I come at teaching from the belief that we are creative beings and when we are expressing our creativity, we are really alive. Even the dimmest light sitting in a desk seemingly taking up precious oxygen in a classroom is capable of creativity. Maybe it’s only a little at first, but turn this tap on and whoosh! Flood gates…opening. When this happens it’s almost like you can see the neurons buzzing with excitement and looking for new connections (or maybe it’s the dandruff being caught in the sun rays streaming through the classroom window).
For as much as students of all sorts think they hate it, I’ve found teaching poetry to produce some of the most creative moments. Take an abstract idea; lost childhood. Think of an image that you best associate with this word; empty swing set. Then describe this image and how it makes you feel; (I’m not going to write a poem here but you should see some of the grade 8 work around this topic alone! Crazy). So why do kids come at the subject of poetry with such disdain? Why do they resist doing something that unleashes their most basic desire (to be creative)?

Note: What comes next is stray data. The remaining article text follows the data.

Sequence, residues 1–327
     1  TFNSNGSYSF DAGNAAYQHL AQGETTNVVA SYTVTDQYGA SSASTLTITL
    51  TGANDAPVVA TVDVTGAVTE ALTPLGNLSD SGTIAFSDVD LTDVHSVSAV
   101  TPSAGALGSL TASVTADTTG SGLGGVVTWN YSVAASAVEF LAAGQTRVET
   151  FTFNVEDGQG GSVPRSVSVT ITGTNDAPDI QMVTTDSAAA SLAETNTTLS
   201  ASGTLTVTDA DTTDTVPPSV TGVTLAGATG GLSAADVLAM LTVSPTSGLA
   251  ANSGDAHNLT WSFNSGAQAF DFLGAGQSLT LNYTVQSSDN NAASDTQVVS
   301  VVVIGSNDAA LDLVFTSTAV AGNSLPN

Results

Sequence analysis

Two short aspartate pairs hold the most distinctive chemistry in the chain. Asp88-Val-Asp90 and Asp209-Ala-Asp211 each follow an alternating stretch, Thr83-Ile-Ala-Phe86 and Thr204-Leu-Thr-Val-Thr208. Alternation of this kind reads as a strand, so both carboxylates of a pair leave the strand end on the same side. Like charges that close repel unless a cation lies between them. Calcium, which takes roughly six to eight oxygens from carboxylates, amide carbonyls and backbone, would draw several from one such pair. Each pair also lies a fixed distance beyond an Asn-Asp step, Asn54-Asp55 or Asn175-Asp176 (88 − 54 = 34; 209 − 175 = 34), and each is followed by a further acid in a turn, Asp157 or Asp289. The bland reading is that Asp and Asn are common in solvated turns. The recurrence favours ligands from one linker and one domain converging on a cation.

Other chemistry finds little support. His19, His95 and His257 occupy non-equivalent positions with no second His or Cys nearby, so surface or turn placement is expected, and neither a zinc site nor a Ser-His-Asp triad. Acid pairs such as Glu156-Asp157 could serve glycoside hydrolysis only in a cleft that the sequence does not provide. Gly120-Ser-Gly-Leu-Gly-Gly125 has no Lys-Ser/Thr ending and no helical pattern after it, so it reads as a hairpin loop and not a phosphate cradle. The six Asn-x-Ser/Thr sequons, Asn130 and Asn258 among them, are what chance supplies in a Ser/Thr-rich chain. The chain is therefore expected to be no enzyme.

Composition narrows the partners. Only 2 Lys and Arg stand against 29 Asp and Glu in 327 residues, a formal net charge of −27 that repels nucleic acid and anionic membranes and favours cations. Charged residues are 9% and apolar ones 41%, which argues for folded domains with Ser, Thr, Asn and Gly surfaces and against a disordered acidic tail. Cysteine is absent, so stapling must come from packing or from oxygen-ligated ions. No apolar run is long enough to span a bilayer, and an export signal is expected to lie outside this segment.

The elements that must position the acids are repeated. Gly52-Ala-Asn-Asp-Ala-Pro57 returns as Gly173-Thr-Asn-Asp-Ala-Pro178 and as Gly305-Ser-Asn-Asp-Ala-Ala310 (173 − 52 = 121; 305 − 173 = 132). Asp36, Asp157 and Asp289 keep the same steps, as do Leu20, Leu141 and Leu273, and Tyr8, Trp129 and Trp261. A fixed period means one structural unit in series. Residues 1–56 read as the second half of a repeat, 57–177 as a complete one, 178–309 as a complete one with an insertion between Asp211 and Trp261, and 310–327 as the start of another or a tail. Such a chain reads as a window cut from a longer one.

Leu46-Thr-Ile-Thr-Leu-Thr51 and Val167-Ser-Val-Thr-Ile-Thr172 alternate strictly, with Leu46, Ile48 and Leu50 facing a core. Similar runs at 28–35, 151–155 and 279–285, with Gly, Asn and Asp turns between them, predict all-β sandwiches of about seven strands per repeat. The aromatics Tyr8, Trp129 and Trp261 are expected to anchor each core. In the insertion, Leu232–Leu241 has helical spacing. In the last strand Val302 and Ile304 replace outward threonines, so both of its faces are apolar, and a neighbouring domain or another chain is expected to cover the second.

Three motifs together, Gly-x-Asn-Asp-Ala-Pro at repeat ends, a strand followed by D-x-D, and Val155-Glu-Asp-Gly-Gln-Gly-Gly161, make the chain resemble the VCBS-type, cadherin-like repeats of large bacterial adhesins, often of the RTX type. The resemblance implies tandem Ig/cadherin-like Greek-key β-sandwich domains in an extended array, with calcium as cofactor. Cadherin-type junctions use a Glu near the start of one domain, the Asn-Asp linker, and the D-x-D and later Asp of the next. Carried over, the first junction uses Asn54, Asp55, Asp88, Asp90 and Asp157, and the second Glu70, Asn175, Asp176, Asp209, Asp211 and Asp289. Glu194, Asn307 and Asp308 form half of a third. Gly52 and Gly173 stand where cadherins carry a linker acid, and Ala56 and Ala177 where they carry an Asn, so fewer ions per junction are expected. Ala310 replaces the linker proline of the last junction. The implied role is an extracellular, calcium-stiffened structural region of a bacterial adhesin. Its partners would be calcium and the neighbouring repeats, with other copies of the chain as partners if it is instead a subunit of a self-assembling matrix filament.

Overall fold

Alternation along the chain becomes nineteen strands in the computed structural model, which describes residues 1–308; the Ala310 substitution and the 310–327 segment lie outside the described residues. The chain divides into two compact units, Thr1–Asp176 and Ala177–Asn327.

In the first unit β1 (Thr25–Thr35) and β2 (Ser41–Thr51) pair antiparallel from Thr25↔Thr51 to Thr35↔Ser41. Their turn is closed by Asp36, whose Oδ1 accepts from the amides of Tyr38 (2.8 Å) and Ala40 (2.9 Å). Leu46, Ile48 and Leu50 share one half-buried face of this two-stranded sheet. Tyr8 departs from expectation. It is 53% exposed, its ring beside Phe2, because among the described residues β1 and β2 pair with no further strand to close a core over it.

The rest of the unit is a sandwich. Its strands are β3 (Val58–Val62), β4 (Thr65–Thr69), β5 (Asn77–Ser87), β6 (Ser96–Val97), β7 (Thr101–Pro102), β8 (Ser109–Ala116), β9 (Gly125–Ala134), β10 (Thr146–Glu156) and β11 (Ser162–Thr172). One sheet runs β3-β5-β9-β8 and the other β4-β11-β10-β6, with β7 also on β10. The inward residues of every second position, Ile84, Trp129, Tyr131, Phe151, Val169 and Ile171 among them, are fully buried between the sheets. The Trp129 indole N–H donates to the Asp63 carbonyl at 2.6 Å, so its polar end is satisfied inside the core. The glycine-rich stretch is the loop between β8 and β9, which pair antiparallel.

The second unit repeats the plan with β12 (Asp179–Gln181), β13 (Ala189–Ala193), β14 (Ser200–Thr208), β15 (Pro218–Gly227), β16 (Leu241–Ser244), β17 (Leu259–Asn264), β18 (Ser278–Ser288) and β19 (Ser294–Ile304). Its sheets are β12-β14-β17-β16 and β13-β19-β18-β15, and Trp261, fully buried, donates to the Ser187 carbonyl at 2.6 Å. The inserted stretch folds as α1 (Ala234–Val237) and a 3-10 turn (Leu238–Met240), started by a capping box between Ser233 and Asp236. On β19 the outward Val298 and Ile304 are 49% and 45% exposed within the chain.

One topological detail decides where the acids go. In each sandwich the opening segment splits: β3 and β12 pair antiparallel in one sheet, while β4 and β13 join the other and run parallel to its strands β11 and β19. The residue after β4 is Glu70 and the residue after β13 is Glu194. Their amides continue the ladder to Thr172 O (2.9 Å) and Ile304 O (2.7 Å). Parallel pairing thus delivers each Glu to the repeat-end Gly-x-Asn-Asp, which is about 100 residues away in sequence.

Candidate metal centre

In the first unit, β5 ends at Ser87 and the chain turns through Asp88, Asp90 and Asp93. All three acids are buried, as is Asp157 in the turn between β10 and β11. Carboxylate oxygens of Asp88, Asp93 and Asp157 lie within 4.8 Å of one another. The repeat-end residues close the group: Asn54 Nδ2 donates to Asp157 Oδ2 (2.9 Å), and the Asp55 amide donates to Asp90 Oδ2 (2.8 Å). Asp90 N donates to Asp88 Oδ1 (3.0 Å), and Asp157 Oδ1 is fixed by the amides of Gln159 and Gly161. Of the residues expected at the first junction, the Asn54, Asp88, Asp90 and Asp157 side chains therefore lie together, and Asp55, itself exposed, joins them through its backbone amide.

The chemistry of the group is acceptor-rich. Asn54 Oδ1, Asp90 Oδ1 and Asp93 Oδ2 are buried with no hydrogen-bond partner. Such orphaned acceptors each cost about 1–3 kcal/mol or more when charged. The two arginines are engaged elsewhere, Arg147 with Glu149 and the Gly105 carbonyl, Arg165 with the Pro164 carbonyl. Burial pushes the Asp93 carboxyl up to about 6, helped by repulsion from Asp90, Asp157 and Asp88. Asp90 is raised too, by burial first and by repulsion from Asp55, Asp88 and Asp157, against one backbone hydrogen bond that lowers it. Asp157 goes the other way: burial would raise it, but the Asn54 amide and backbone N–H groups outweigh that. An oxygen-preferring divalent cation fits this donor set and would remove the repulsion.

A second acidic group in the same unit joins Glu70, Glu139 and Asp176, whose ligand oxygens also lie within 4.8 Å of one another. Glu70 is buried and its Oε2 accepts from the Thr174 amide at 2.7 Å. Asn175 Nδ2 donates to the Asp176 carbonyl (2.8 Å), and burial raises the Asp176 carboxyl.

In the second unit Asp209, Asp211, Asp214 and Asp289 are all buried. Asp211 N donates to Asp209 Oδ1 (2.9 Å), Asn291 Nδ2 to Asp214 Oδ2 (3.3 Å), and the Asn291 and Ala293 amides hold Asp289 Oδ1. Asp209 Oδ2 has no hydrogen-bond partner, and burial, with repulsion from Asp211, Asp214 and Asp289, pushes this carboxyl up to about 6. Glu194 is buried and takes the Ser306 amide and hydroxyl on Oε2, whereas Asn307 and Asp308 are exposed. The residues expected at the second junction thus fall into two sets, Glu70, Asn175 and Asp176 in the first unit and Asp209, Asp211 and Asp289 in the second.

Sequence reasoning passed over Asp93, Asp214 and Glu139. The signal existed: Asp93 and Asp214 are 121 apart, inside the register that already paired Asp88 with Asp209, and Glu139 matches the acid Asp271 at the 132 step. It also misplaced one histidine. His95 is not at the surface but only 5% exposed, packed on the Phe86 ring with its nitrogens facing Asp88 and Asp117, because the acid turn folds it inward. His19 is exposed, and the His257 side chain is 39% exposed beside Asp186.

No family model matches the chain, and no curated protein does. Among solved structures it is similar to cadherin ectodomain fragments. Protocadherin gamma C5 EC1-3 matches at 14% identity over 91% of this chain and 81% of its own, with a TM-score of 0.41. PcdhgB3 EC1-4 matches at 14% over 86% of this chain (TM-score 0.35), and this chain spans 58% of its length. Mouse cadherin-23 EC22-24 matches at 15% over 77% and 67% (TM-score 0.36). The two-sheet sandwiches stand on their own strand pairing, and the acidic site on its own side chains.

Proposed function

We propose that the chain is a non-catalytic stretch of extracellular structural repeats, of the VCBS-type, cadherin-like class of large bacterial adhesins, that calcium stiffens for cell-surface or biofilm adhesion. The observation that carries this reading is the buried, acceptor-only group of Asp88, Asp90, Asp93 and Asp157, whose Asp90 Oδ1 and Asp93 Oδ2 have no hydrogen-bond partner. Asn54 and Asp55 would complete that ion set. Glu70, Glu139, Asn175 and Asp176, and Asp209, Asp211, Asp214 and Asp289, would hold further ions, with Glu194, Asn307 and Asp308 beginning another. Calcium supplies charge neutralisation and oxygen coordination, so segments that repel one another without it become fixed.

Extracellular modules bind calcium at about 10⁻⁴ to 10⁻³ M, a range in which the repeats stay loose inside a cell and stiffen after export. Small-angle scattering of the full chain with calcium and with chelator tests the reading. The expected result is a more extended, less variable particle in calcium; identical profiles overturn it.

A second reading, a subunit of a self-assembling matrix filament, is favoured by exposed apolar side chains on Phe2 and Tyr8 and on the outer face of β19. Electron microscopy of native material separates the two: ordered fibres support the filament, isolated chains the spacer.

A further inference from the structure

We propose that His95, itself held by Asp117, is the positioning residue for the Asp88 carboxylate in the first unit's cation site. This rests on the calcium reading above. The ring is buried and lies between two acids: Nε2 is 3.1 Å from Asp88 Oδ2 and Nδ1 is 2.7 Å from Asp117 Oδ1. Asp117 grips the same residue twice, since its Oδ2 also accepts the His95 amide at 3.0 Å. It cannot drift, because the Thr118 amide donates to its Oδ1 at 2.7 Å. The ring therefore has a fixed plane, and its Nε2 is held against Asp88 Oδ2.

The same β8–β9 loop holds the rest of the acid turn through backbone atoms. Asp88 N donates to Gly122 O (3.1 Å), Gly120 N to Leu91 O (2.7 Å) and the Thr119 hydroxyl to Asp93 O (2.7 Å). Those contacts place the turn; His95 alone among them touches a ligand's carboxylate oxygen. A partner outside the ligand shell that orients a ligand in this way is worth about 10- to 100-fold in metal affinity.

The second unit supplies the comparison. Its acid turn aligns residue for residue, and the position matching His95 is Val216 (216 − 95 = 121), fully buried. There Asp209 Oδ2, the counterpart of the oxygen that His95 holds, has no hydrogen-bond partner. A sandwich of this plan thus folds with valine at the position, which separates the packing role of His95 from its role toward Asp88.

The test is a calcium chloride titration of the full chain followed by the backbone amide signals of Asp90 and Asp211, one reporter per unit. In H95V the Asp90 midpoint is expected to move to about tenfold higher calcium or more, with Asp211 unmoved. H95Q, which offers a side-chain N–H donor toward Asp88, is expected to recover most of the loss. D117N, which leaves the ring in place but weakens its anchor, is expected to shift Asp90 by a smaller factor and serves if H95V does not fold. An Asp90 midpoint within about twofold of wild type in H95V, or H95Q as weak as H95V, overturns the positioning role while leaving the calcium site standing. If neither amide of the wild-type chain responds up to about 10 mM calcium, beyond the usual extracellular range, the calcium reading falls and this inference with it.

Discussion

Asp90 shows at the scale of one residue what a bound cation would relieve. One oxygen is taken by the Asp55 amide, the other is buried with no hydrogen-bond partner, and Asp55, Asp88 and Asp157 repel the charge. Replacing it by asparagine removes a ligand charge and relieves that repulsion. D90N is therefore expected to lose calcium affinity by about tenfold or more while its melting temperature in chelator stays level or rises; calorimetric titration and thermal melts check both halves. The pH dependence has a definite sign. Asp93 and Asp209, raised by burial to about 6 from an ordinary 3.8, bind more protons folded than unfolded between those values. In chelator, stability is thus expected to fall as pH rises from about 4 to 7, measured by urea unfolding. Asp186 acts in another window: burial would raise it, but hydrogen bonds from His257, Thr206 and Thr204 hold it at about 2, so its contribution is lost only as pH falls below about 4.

There is so much to say on this subject and will be the conversation in the “Education Unhinged” category (website to come) but I will let Sir Ken Robinson give a quick overview…with animation because it’s more exciting than looking at him lecture. Most educators have seen him and are maybe tired of listening but his talks are ones I go back to every few months to pump the inspiration machine and it works. Oh, and I’ll rip into the Enlightenment a little more later too.